Holes In The Devil
WARNING!: You must be in good physical condition to attempt this cache. The trail is steep and the rocks can be slippery.
You will need:
A measuring tape
Devil's Lake State Park’s bluffs are part of the Baraboo Range, which scientists believe were formed 1.6 billion years ago, making them one of the most ancient rock outcrops in North America.
These ancient hills are formed of quartzite rock, which consists of grains of sand tightly cemented together.
According to geologists, the sand was deposited by rivers as they drained into shallow seas covering this area a billion years ago. As the sand accumulated, it first formed sandstone (a porous sedimentary rock) and then, under great heat and pressure, became quartzite (a non-porous metamorphic rock).
The Ranges Rise
Some time after the seas withdrew, the quartzite was buckled upwards in such a way as to form the North Range and South Range, with a depression between the ranges. The depression was filled with rocks softer than quartzite.
The area was then dry ground for a very long time. During this period, the Baraboo Valley was formed as the soft deposits in the depression eroded away. Many gorges were cut by running water during this period.
Devil's Doorway was created by water freezing and thawing in cracks in the rock.
New seas re-invaded this area and their sediments accumulated on the land outside the Baraboo Hills, on the sides of the quartzite ranges, in the gorges, and eventually on top of the Baraboo Hills. The gorges were thus filled and the bluffs completely buried under sandy and limey deposits.
After the retreat of these seas, an ancient river or rivers removed most of the sediments from the Baraboo Hills and the surrounding area, thus exposing the quartzite bluffs again, and reopened the Lower Narrows Gap and the Devil's Lake Gap (these gaps may have been partially cut when the Baraboo Valley and the gorges were being formed).
Exposed outcrops of the quartzite that weren't covered by the glacial ice pack were subject to freezing and thawing conditions. Water seeping into cracks in the quartzite expanded as it froze and eventually broke pieces of the bluff away.
The thawing and freezing cycles also formed the piles of broken rock called talus on the slopes of the bluffs.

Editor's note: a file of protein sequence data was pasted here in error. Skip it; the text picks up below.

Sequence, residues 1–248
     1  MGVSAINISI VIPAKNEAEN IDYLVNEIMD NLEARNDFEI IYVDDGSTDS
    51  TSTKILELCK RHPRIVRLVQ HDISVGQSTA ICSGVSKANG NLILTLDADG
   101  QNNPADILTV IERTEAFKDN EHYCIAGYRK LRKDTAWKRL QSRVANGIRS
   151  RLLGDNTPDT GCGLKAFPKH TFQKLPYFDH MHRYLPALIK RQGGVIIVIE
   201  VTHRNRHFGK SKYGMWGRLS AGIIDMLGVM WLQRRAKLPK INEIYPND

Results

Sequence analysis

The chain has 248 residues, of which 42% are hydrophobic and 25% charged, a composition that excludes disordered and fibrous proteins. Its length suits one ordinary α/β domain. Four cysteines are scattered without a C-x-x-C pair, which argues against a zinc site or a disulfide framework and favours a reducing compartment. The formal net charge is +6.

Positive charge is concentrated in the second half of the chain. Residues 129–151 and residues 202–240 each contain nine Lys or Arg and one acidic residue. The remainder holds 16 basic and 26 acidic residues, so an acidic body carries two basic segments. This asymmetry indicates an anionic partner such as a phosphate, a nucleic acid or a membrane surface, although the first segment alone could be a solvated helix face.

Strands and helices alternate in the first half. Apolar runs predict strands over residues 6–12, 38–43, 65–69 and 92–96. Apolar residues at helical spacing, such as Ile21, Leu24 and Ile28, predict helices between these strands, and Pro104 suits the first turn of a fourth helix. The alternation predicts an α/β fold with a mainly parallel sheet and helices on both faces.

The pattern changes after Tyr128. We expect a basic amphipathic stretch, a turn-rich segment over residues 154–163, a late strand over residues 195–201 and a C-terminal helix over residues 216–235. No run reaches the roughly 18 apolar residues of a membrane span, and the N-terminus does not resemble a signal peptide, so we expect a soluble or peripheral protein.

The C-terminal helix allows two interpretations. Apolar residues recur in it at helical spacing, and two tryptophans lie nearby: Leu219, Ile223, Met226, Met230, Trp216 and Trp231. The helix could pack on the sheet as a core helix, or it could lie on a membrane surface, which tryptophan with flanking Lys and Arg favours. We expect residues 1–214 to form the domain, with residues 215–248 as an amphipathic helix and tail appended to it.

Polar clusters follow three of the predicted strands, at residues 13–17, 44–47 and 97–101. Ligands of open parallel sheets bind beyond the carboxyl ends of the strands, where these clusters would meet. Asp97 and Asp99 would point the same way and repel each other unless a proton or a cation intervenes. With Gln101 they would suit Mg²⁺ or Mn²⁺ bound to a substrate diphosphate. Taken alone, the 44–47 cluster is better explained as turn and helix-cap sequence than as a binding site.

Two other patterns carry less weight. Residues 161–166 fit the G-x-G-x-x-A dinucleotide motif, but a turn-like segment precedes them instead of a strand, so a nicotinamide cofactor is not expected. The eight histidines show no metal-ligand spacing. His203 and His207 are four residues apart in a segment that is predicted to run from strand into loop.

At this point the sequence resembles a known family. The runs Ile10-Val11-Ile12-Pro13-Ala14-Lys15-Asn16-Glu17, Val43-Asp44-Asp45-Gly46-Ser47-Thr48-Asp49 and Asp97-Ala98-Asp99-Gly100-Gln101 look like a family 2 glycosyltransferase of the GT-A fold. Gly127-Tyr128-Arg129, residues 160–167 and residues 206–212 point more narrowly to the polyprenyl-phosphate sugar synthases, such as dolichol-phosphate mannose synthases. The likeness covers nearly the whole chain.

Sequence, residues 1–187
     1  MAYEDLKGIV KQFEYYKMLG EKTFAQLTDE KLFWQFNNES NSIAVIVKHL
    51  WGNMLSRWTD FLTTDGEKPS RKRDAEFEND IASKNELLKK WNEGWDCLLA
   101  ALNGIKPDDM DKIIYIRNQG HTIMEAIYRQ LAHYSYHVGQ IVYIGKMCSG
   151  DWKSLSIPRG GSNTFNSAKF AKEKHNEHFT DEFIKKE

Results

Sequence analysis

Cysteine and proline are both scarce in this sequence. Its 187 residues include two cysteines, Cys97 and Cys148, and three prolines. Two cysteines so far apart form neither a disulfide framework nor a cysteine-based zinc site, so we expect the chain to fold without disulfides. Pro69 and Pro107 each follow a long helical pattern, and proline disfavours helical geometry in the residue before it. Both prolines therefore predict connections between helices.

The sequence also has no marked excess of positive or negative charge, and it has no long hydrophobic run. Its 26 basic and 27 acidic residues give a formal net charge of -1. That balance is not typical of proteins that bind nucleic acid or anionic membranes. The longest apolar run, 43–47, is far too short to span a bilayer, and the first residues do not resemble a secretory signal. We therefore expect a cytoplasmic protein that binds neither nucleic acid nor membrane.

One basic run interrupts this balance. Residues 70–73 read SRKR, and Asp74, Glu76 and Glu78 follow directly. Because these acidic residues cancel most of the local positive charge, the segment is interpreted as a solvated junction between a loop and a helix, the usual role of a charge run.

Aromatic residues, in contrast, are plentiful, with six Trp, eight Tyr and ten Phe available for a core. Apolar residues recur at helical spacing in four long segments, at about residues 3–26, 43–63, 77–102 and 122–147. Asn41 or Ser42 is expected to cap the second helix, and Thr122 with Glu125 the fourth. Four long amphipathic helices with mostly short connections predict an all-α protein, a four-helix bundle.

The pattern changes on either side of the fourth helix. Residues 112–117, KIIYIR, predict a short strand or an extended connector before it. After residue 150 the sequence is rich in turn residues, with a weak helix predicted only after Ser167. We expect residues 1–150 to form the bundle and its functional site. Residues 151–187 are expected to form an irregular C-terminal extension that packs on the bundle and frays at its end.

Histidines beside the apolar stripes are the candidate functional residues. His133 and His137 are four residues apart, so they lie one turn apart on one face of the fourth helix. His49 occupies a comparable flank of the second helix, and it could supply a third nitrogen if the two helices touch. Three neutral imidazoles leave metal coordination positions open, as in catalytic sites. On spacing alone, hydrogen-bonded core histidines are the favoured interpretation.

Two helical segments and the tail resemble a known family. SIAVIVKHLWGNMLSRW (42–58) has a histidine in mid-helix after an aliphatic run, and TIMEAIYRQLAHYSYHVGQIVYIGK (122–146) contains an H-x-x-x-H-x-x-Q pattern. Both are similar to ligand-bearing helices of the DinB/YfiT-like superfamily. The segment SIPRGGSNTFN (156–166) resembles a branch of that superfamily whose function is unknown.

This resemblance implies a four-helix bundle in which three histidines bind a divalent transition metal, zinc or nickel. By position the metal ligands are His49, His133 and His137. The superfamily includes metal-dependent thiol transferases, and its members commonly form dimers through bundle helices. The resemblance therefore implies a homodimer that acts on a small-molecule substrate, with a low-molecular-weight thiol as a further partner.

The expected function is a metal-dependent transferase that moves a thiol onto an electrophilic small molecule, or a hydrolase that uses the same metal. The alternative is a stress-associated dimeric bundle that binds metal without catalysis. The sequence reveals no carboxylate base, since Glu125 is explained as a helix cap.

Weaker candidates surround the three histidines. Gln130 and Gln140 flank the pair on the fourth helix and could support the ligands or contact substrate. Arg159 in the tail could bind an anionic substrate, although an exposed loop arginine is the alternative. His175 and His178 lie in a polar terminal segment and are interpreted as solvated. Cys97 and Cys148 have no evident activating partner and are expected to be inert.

The Ice Age
The final chapter in this fascinating story took place about 15,000 years ago, when a sheet of ice (the Wisconsin Glacier) crunched into this area. The glacier covered the eastern half of the Baraboo Hills with ice but not the western half. We know this because its outermost boundary is marked by a ridge called a terminal moraine. This ridge consists of rocks and gravel dropped by the glacier as it stood and melted along this boundary.
The Wisconsin Glacier rerouted the ancient river(s) elsewhere and deposited dams of rocks and earth at the two open ends of the Devil's Lake Gap. These damps are part of the terminal moraine. Devil's Lake therefore is between two glacial "plugs" in an abandoned valley of an ancient river.
If there had not been a Wisconsin Glacier, presumably the ancient river(s) would still be flowing through the Lower Narrows and Devil's Lake gaps, and there would not be a Devil's Lake.
The lake is spring-fed and varies in depth from 40 to 50 feet. It measures 500 feet from the lake to the top of the quartzite bluffs.
From the Potholes Trail that extends from the top of the East Bluff to the beach area at the southeast end of Devils Lake you can see a number of well-formed potholes. Stones moving within the bottom of a long-lived river eddy drilled these cylindrical holes into the quartzite along the walls of the gorge. Geologists do not know if a glacial or preglacial river carved the potholes. It is known that rivers flowing from glaciers do carry large amounts of coarse sediment and commonly form potholes where they spill over bedrock. Non glacial rivers can form potholes as well, however, and because of no evidence that a glacier ever advanced to a position where it could have spilled melt-water over East Bluff in the vicinity of the potholes, it is thought it more likely formed by the preglacial river that carved the gorge.
Ground Zero can be reached from either the East Bluff Trail above or the Grottos Trail from below. (see map, click for larger version)
#1 There is a pothole a few feet north of the coords that has some initials in cement, email the diameter of the hole and the initials.
(Please do not post a picture that contains the initials)
#2 Upload with your "Found it" log a photo at the pothole with your GPS
Not meeting the logging requirements will result in log deletion with out warning.
Dott, Robert H. Roadside Geology of Wisconsin. Missoula, MT: Mountain Press, 2004
The Geocache Notification Form has been submitted to the Wisconsin DNR. Geocaches placed on Wisconsin Department of Natural Resource managed lands require permission by means of a notification form. Please print out a paper copy of the notification form, fill in all required information, then submit it to the land manager. The DNR Notification form and land manager information can be obtained at: http://www.wi-geocaching.com/hiding
Congratulations to Bus42 for FTF and making it back alive!